While details of the pact are forthcoming, the White House said the agreement would “create more reciprocal trade that grows the economy, supports high-paying jobs for American workers, protects American intellectual property” and “is a mutually beneficial win for North American farmers, ranchers, workers, and businesses.”

 

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Thu
06
Sep

Houston locks Navy Secretary out of office

By Bartee Haile

Returning to work on Sep. 5, 1837, Samuel Rhoads Fisher, secretary of the Texas Navy, was stunned to discover that President Sam Houston had changed the locks on him.

When the Independence appeared off the port of Velasco in the spring of 1837, the whole town went down to the docks. No one wanted to miss the triumphant return of William H. Wharton, who singlehandedly had talked the United States into recognizing the new nation of Texas.

 

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Thu
30
Aug

A double life ends in double murder

By Bartee Haile

 

The afternoon editions of Houston newspapers sold out in minutes on Aug. 31, 1931 as readers hungry for the facts behind the whispered rumors of a shocking double murder bought up every copy. Early that morning, frightened tenants in an upscale apartment building reported hearing the sound of gunshots to the landlord. He in turn called police, who rushed to the Montrose address southwest of downtown. With a pass key provided by the property owner, officers gained access to the blood stained premises. Chester Jones, 35, and his 25 year old wife Jane were still in their pajamas, when unknown intruders surprised them at the breakfast table.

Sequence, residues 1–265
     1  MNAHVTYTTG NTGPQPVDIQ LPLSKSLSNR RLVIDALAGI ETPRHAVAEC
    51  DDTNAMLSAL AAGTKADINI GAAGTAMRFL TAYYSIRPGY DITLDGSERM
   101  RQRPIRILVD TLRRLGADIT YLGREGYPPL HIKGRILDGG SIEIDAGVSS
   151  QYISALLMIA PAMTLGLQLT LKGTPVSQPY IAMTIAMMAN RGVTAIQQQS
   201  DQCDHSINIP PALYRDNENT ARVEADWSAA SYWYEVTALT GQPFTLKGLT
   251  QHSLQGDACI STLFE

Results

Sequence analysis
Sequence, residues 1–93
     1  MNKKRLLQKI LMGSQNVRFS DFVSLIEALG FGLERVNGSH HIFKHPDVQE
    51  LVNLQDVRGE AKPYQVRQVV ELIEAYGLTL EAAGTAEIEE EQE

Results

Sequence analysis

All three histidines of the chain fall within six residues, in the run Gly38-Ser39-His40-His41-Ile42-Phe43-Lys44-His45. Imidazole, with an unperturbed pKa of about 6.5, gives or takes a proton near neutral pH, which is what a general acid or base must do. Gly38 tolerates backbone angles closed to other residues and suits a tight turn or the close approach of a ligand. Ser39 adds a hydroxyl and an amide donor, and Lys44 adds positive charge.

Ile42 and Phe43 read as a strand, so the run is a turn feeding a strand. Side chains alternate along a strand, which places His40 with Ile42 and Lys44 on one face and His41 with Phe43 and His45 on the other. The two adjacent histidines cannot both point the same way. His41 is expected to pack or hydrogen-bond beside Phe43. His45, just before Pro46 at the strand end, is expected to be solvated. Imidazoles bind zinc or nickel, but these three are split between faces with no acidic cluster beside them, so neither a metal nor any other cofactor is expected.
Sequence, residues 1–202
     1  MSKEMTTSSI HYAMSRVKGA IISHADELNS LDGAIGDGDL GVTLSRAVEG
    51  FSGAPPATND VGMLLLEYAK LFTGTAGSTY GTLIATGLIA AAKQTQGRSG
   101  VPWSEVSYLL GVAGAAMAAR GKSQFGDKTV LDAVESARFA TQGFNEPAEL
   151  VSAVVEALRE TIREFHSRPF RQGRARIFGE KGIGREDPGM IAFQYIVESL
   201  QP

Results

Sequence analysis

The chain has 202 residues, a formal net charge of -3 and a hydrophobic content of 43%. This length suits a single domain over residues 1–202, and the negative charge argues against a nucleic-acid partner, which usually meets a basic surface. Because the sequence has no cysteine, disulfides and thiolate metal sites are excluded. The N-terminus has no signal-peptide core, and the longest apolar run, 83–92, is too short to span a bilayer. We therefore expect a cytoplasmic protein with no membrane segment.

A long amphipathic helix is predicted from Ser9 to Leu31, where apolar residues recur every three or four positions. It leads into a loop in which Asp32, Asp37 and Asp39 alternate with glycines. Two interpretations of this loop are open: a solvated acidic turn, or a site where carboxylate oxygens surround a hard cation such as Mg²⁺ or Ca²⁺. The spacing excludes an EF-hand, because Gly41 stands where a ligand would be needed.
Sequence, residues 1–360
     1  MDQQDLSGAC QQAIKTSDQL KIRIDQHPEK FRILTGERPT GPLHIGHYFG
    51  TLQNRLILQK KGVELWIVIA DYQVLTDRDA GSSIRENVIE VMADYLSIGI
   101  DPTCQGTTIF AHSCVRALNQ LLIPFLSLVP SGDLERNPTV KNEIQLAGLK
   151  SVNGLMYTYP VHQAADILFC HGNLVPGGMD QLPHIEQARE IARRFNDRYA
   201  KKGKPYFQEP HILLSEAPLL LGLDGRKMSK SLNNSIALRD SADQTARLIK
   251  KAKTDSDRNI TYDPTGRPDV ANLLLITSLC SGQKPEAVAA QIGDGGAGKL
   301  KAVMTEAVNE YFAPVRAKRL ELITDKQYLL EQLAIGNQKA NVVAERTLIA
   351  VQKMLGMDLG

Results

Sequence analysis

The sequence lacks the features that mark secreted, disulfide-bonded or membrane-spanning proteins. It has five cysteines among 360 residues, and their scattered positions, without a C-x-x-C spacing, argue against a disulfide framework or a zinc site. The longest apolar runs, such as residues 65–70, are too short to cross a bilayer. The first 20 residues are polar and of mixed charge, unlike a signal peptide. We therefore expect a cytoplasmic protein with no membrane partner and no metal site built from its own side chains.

The husband was shot where he sat – once in the head, four times in the chest and once in the hip. The missus must have tried to run but was knocked to the floor by a second shooter, who finished the helpless woman off with four bullets from a pistol of a different caliber.

 

Thu
23
Aug

Famous Ranger gets into big trouble in Brownsville

By Bartee Haile

 

A Congressman, the political boss of the Rio Grande Valley and the mayor of Brownsville all told Capt. Bill McDonald of the Texas Rangers on Aug. 24, 1906 that he had made a big mistake by arresting military personnel on federal property. After losing his father to a Yankee sniper and the family plantation to carpetbaggers, the young Mississippian and his mother took refuge with relatives in East Texas. Handicapped by a poor education, a lack of wage-earning skills and a giant chip on his shoulder, the newcomer faced a bleak future. Then in 1876 Bill McDonald fearlessly disarmed and dragged to jail a drunken bully, who was the terror of Mineola. Grateful citizens rewarded the young hero with a job as deputy sheriff and a career in law enforcement.

 

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Thu
16
Aug

TEA releases preliminary financial accountability ratings

By Ed Starling

AUSTIN — Some 80 percent of public school districts and charters earned the highest-possible preliminary financial accountability rating, according to figures released by the Texas Education Agency on Aug. 8.

The "superior" ratings were calculated using 15 financial indicators, such as administrative cost expenditures, the accuracy of a district or charter’s financial information submitted to TEA and any financial vulnerabilities or material weaknesses in internal controls, as determined by an external auditor.